The library van was a small castle of knowledge, imagination, possibility. Like my natural library of plants, it held both familiarity and the promise of something beyond that familiarity. So, when I think of libraries, I think of vans. I think of my other kind of “library van”—the kind that happened when my family left the valley I knew and drove away in a VW bus made up like a small home on wheels, traveled every couple months to make a little cash so we could keep paying our cheap ($150/month) rent, keep living in the old farmhouse with the bathtub falling through the floor and the fields and fields and brambles and sky and river.
"Willapa Hills" by Emily Geddes, Used under CC license
I’m ten. It’s summer, or more specifically, a summer-like fall. Our parents have pulled us from school again, and I’m at a library in Winlock, in Raymond, in Shelton, in Elma, in Hoquiam. It doesn’t matter which one. Whichever it is, I know this library. They are all over Southwest Washington, in all the rural towns of the Willapa Hills. My mother and father leave my sister and me at the library, a natural babysitter, while they re-cover billiards tables.
            For an hour or so, we sit obediently in the stacks, reading children’s books to one another, exploring the magical realms of endless language. But we’re children, and we wander . . . like our library van, searching for more library vans, searching for curious lands, our hands curious and searching for curiosities.
            In one town, we find a bank with a fountain.
            The fountain is full of coins!
            What a joy for two children whose books are loans, whose toys are whistle-grass and bull thistle, who live sometimes itinerant van lives. We gather the coins into our pockets—shiny quarters, coppery pennies like a river gleam, like lit seeds on an unmowed hay field, dimes, nickels—our pockets full, we pitch some back and wink at the drive-through attendant who barely believes our kindness to return what we’ve rightfully found: her mouth open in surprise at our generosity!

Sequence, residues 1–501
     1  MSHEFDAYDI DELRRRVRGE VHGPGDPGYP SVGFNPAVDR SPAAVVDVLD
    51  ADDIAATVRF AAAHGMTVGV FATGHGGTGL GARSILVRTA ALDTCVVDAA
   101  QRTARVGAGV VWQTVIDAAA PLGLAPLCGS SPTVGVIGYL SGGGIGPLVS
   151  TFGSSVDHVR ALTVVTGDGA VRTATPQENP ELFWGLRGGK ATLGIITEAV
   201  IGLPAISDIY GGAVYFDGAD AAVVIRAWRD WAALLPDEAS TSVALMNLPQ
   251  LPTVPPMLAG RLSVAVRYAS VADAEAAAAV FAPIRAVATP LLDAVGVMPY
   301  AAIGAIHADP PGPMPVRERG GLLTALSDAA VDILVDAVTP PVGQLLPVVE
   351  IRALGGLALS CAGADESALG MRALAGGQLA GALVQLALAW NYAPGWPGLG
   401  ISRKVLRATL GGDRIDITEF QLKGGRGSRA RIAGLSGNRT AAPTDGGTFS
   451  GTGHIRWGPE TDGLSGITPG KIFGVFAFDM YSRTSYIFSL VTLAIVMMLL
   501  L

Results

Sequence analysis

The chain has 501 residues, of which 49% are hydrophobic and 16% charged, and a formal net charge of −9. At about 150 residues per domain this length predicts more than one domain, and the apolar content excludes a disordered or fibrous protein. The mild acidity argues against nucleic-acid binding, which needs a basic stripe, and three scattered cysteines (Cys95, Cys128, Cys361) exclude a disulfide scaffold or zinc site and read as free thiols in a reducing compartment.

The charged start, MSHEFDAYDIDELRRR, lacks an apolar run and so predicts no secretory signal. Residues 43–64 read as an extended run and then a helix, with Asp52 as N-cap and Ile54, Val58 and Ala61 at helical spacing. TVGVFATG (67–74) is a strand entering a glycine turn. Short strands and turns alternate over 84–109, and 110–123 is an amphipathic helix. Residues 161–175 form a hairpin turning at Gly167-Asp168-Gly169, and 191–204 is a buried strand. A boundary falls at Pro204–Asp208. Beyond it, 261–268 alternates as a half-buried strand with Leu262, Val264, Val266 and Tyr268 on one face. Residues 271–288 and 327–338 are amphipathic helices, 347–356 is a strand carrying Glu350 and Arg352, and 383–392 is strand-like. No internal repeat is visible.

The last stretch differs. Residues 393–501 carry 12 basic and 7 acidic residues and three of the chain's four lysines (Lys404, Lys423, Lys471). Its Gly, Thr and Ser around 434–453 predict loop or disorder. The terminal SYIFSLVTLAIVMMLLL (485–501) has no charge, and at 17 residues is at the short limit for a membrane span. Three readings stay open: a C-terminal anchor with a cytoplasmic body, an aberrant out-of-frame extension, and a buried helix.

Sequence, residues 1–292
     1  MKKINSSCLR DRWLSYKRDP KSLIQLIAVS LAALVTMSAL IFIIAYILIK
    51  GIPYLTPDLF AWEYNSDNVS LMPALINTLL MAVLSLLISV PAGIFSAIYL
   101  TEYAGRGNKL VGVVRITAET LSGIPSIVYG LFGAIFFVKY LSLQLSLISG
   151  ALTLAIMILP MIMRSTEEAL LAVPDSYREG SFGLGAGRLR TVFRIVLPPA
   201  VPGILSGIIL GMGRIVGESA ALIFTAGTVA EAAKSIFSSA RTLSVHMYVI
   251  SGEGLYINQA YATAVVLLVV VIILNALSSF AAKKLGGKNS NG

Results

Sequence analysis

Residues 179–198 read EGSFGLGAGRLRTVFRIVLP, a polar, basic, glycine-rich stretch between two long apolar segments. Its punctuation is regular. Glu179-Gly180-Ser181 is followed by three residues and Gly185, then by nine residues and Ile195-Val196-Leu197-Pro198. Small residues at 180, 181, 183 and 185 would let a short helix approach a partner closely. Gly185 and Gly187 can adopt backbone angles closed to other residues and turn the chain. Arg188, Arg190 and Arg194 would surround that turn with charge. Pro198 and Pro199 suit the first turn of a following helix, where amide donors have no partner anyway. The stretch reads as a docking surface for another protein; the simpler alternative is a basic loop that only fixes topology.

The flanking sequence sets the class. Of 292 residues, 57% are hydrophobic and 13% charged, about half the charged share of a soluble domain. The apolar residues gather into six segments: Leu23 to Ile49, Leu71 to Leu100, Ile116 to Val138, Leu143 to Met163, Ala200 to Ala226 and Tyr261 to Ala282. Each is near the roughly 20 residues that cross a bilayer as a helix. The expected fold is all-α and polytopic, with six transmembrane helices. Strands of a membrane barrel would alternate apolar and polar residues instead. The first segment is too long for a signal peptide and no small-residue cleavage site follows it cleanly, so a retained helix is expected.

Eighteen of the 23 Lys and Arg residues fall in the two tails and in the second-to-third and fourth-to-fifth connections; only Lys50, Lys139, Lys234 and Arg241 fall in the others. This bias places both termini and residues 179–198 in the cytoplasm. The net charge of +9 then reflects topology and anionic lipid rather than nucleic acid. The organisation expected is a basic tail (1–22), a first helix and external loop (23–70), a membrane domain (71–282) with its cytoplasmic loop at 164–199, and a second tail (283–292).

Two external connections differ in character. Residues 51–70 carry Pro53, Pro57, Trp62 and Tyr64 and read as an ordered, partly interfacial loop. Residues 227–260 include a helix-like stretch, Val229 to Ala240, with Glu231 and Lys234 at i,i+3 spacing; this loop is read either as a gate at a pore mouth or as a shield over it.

Rich as queens, we duck into gift shops, buy plastic boats, books, in a thrift shop a paper bag of lingerie for one dollar—from the fill-a-bag-for-a-buck bin—and parade back to the bank with our boats and our extra change we throw back in coin by coin. We wish and wish and wish and wish for more.
            I wish for a library building, a book castle. I wish for a frosted cookie.
            This is our library of monetary wealth: a bank fountain, from which we liberate what we can, give back what we don’t use.

            In another town, we are to wait in the van. Our parents are in the tavern, and we have little toy bears, our snacks, our books, the libraries of our imaginations. We leave it all, except our brains. Behind us is a river, we can hear it, but we have to navigate a steep slope lush with maples and alders, we have to scramble down to reach the bank, a rock bar where we hop among the boulders looking for ones where our little hips will fit. We settle on some granite lumps from which we can see the other shore—not more than thirty feet across the river, where a more silty/sandy gravel bar juts out in a wide arc just below the field above.
            Nothing happens. We sit, we watch the river move around its rocks.
            It is as if we are thinking of which book to choose—looking at the opposite shore, not even scanning, really—when we feel the earth begin to vibrate, nearly imperceptible at first, so neither of us speak of it, then noticeable, our bodies humming with the hum and us turning toward each other, then loud like thunder and across the river a cloud of dust and golden moving gods, their hooves and the hum and the air dust we can now taste, its chalky presence, the cloud of these animals’ bodies—a herd of wild horses, honey colored palominos coming down the bank, the water splashing, their bodies unaware of us, fixed points, the whole library of horses we are inside for only a moment, really, before it moves on, and is gone, and we hardly believe it has been there at all except we’ve both witnessed—been witness to, been one with, the spirit-rich reality of it. The kind of event that, had you been alone, you wouldn’t whisper a word of to anyone, for fear it wasn’t real, or sharing it would make it less so.

            I still think of that as one of the most visceral moments of my life, the Wordsworthian library of that moment, in which all my senses were alive, and I knew nothing.